The electronic waste is getting out of our hands. Every 18 months we change mobile phones and our computers every 2 years. Are we aware of what are they made of and where do they end up? And most importantly: What can we, as individuals, do to reduce it?
Below you’ll find an infographic Digital Doc of Chesterfield made with some numbers and solutions we can contribute to control the E-waste problem.
Continue reading “E-waste problems and solutions [Infographic]”
You’ve heard of people recycling everything from cardboard boxes to old papers and clothes. Recycling is an important process to be discussed if we are serious about making our planet green and pollution free.
This infographic revolves around some of the creative tips you can follow to reduce the amount of stuff you throw away. Start reusing and recycling everything in life and reduce your carbon footprints.
Continue reading “Top Things to Reuse and Recycle [Infographic]”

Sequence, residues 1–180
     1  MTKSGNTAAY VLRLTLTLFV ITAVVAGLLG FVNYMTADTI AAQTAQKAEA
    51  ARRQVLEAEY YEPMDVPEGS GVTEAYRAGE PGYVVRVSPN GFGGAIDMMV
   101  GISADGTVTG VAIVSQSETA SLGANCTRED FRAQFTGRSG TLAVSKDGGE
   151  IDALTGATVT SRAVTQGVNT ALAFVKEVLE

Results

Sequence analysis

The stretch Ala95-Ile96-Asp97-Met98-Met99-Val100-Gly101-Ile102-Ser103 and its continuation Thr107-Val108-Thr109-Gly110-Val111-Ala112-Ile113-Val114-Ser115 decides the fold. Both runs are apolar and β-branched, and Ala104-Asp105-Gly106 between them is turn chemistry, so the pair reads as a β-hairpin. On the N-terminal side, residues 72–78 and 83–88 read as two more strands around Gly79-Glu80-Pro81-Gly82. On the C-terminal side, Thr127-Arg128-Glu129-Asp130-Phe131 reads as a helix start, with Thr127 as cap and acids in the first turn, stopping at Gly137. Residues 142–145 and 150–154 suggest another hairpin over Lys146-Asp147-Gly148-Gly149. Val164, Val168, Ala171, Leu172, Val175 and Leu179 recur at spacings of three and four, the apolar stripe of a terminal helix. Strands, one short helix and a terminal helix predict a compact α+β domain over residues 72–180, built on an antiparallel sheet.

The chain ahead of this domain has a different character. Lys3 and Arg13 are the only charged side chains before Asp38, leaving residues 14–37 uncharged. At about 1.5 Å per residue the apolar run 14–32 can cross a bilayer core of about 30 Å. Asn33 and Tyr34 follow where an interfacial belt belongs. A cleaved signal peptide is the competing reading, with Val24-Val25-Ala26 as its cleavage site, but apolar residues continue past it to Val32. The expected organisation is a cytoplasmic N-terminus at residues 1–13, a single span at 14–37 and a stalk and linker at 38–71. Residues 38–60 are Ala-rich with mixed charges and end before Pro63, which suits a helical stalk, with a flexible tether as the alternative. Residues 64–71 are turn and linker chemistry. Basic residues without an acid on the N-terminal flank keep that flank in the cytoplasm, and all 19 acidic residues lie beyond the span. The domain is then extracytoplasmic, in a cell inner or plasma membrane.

Electronic waste, also known as E-waste, has become a significant problem for our planet. It includes consumer electronics like computers, cell phones, and fax machines. These items contain toxins like lead, cadmium, and mercury that leach into soil and drinking water. Fortunately, there has been significant attention paid to the issue of E-waste and the best ways we can reduce it. DIY projects using pieces that would otherwise end up in a landfill has long been a popular and practical craft concept. The uses of E-waste in creating exciting art and interesting crafts are practically endless.
Take a look at the infographic Metrofax Blog created below.
Continue reading “DIY E-waste Project Ideas [Infographic]”
produced by: Jellyfish Smack Productions
Terra Blight traces the life cycle of computers from creation to disposal and juxtaposes the disparate worlds that have computers as their center. From a 13-year-old Ghanaian who smashes obsolete monitors to salvage copper to a 3,000-person video game party in Texas, Terra Blight examines the unseen realities of one of the most ubiquitous toxic wastes on our planet.